Skip navigation
 Renewal EIS  |  Getting Involved  |  TAPS Guide  |  EIS Documents
  News  |  FAQ  |  Glossary  |  EIS Newsletter  

TAPS History

TAPS was planned in the late 1960s and early 1970s as a means to transport oil from Alaska's North Slope to Valdez for shipping to other destinations by tanker. TAPS was built between 1974 and 1977 and has been in continuous operation since 1977.

TAPS Planning

The concept of transporting oil south from Alaska was discussed as early as the 1960s. In 1968, large crude oil reserves were discovered at Prudhoe Bay by the Atlantic Richfield Company (ARCO). ARCO joined with BP Oil and Humble Oil to form the Trans-Alaska Pipeline Systems (TAPS). TAPS was proposed to ship crude oil to the southern Alaska seaport of Valdez (an ice-free port), from where it would be shipped to refineries by tanker.

Pipeline construction from Prudhoe Bay required transiting a route where much of the right-of-way was on federal and state lands. Legislation (the Trans-Alaska Pipeline Authorization Act [P.L. 93-153]) was required to end what had become a stalemate over the route. This right-of-way legislation enabled the pipeline to be constructed.

Environmental studies for the pipeline were started and applications for permits submitted in 1968. Suits were filed by environmental groups and others to block pipeline construction in 1970. Several Native villages filed a lawsuit claiming the pipeline would cross their land. The land ownership question was settled with Congressional passage of the Alaska Native Land Claims Settlement Act and its signature into law by President Richard Nixon in December 1971.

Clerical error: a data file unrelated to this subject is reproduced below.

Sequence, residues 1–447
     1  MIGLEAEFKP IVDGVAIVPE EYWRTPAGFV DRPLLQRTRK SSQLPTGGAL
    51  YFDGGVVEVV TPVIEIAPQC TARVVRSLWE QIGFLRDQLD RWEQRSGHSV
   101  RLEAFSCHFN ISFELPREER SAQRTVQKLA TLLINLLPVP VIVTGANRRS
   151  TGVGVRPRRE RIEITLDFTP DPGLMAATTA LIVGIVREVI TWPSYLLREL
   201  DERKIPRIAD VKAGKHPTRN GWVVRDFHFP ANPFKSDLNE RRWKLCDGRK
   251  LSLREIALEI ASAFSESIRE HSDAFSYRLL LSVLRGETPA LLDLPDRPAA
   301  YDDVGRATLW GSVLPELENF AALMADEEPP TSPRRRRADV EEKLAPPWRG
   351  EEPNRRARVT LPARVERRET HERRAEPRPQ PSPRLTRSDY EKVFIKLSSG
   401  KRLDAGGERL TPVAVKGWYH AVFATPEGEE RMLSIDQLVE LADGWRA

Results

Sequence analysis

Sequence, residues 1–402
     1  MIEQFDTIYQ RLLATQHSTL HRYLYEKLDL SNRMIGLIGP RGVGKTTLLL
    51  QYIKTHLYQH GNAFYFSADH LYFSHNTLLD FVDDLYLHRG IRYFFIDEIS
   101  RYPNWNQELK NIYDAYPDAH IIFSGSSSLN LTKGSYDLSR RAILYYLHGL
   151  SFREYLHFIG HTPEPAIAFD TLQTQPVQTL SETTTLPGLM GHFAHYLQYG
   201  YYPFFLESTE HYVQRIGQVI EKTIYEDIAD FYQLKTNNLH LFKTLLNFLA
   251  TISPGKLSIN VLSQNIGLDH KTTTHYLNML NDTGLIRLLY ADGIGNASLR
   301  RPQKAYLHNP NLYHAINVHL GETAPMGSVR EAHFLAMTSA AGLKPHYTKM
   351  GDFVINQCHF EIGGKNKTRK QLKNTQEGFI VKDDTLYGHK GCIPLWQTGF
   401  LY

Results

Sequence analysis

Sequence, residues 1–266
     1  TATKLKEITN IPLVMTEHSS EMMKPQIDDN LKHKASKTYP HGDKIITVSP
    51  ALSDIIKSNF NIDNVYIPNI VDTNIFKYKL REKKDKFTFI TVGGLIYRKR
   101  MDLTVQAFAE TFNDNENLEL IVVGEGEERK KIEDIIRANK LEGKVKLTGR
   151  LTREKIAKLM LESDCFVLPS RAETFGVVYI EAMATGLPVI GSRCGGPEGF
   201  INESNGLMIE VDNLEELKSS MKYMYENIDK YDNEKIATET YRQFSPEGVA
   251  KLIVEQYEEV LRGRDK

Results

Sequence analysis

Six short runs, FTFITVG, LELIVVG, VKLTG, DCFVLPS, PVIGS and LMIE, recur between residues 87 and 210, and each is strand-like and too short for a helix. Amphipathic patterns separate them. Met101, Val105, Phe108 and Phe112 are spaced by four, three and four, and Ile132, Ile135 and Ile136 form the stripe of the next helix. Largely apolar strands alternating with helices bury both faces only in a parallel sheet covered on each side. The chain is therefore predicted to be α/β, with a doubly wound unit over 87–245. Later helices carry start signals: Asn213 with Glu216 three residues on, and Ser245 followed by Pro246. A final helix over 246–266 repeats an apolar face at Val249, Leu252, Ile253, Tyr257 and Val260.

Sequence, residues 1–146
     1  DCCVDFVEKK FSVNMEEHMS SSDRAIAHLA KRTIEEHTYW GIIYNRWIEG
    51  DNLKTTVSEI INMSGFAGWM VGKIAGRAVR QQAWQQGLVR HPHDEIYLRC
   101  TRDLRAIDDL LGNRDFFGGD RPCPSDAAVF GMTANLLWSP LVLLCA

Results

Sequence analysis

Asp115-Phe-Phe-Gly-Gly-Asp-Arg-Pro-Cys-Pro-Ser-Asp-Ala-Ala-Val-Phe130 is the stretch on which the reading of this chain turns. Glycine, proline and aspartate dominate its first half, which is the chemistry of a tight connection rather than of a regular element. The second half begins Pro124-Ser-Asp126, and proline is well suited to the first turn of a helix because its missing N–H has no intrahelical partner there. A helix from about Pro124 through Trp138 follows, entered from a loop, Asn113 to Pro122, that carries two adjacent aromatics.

The 48-inch special cold-weather steel was ordered from Japan in April 1969. The building permit for the pipeline was issued in 1974.

TAPS Construction

Actual construction began in April 1974 and was completed in June 1977 at a cost of approximately $8 billion. At the time, it was the largest privately funded construction project in history. Approximately 2,000 contractors and subcontractors, as well as approximately 70,000 workers, were employed to work on the project.

Paralleling the pipeline from Livengood to Deadhorse, the Dalton Highway (locally known as the Haul Road) was built as a supply route for use in construction, operation, and maintenance of the northern portion of TAPS and the oil fields on the North Slope. This road is now a State highway.

TAPS Operation

TAPS has been in continuous operation since June 1977.

  • The first oil moved through the pipeline on June 20, 1977.
  • The first tanker carrying North Slope crude oil left the Valdez terminal on August 2, 1977.
  • Through March 2001, 16,781 tankers had been loaded at Valdez.

Key events in the history of the Trans-Alaska Pipeline System

Date Event
March 1968
Oil discovered at Prudhoe Bay
August 14, 1970
Alyeska Pipeline Service Company incorporated by the owner companies
March, 1972
Department of Interior issues final environmental impact statement for TAPS
November 16, 1973
Trans-Alaska Pipeline Authorization Act signed into law
January 23, 1974
Federal Agreement and Grant of Right-of-Way
May 3, 1974
State Lease
April 29, 1974
Haul Road construction begins
September 29, 1974
Haul Road construction completed
May 27, 1975
First pipe laid (Tonsina River)
October 11, 1975
Yukon River bridge completed
May 31, 1977
Final pipeline weld
June 20, 1977
First oil flows from Pump Station 1
July 28, 1977
First oil reached VMT
August 1, 1977
First oil-laden tanker (ARCO Juneau) leaves Valdez Marine Terminal
July 1, 1979
Drag reducing agent first used
Peak average daily throughput of 2.03 million bbl/day
March 24, 1989
Exxon Valdez oil spill
July 10, 1989
Alyeska Ship Escort/Response Vessel System established
Federal Oil Pollution Act of 1990
Joint Pipeline Office established
Prince William Sound Regional Citizens Advisory Council contract signed with Alyeska
HB 567 enacted by Alaska Legislature amending oil pollution laws
Atigun reroute
Congressional hearings on TAPS operations
March 5, 1994
10 billionth bbl reaches VMT
1996 - 1997
Pump Stations 2, 6, 8, and 10 taken off-line and placed on standby due to lower throughput
Tanker vapor recovery system added at VMT
August 12, 1997
15,000th tanker leaves VMT
April 27, 2000
13 billionth barrel reaches VMT

Privacy/Security  |  Contact Us  |  About Us  |  Site Index